Fashion designer Sabyasachi Mukherjee and Swedish fast-fashion brand H&M have collaborated on a joint collection called Wanderlust and it is not being received well.

Mainly, it is instigating rage on two counts; cultural appropriation and inaccessibility. These two things may not be new to the world of fashion but what infuriates people is the fact that the collection claimed to do better, and the fact that Mukherjee himself has always been such a promoter of slow, ethically produced fashion.

The word ‘hypocrite’ has been used often in his context, of late, on the internet.

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Most of the line uses the aesthetic of Indian Handloom but not the techniques. The H&M website states that “a key highlight of this collection is Indian textile and print traditions brought to life by the Sabyasachi Art Foundation, meticulously crafted embroidery and multicultural silhouettes.” But the prints have been created digitally, not as they originally are. Some, like the Sanganeri print, GI tagged to a specific community of artisans, have been altered slightly, but not enough to not remind one of the former.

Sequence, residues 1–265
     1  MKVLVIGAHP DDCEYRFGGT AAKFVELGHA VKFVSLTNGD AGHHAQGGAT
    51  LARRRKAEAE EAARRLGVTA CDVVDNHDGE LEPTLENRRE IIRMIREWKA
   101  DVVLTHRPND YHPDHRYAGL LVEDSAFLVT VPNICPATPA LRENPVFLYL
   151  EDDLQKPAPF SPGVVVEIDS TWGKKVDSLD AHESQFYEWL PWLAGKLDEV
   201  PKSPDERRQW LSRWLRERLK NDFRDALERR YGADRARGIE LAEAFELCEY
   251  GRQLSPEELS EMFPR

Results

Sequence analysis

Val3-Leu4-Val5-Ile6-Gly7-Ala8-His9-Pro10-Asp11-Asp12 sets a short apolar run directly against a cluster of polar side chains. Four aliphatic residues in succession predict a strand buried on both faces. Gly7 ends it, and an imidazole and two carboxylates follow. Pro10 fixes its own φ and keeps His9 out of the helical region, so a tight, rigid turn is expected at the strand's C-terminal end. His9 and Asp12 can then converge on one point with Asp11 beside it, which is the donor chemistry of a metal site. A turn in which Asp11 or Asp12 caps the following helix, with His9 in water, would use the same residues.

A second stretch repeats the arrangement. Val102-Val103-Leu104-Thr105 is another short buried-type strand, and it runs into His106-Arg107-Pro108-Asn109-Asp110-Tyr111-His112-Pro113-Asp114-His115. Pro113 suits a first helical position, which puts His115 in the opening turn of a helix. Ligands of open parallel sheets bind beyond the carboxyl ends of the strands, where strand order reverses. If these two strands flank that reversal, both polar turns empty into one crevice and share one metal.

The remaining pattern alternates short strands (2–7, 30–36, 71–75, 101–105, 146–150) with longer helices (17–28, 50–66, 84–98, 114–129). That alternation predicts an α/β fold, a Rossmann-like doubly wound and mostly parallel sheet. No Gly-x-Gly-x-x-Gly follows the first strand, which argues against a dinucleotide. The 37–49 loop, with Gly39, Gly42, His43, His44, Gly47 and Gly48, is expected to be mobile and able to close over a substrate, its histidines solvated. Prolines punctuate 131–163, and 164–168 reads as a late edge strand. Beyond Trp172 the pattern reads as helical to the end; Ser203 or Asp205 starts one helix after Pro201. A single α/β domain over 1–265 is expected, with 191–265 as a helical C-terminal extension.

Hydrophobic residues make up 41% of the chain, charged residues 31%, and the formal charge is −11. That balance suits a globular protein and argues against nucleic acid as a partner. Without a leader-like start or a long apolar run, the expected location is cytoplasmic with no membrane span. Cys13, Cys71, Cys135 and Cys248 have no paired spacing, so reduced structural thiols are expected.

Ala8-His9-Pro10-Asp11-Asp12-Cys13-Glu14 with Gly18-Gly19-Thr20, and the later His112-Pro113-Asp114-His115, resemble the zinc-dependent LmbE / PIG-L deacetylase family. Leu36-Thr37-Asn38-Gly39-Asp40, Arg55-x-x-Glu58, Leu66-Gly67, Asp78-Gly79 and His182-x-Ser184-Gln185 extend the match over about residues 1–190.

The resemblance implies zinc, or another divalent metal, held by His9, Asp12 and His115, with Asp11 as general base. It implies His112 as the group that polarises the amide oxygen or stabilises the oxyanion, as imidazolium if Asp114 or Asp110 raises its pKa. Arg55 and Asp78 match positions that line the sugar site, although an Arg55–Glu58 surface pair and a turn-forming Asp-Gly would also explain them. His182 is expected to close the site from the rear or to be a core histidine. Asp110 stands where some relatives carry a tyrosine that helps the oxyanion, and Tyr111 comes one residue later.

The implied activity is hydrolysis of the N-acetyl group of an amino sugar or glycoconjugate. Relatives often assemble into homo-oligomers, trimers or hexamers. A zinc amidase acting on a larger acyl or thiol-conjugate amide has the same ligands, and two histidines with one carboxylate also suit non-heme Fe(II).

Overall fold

The designer has now received an open letter signed by 15 Indian crafts associations and collectives, including Crafts Council of India, Crafts Council of Karnataka, and the All-India Artisans & Craftworkers Welfare Association.

The signatories express concern about the fact that the collection draws heavily from traditional craftsmanship, but it is unclear if artisans were involved in any way or are benefiting from the collection.

“Given Mukherjee’s long association with traditional craftsmanship and slow fashion, a digitally printed sari costing a large sum could also be mistaken by consumers for the real handcrafted thing and this becomes a concern adding to the crisis of authenticity,” said Meera Goradia, co-founder of Creative Dignity, which is a network of artisans, craft associations and stakeholders, and a signatory to the letter.

Another issue arose with the pricing of the sold-out collection. Mukherjee was compelled to issue an apology on August 16, for the fact that the site was unable to cope with traffic, and there was not enough stock to meet demand.

 

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The pricing was promised to be accessible, but a ₹9,999 tag on a saree is not what the average H&M consumer would purchase.

Approached for comment, Mukherjee told Hindustan Times that he and his team were framing a response to the letter, but declined to offer any immediate response.

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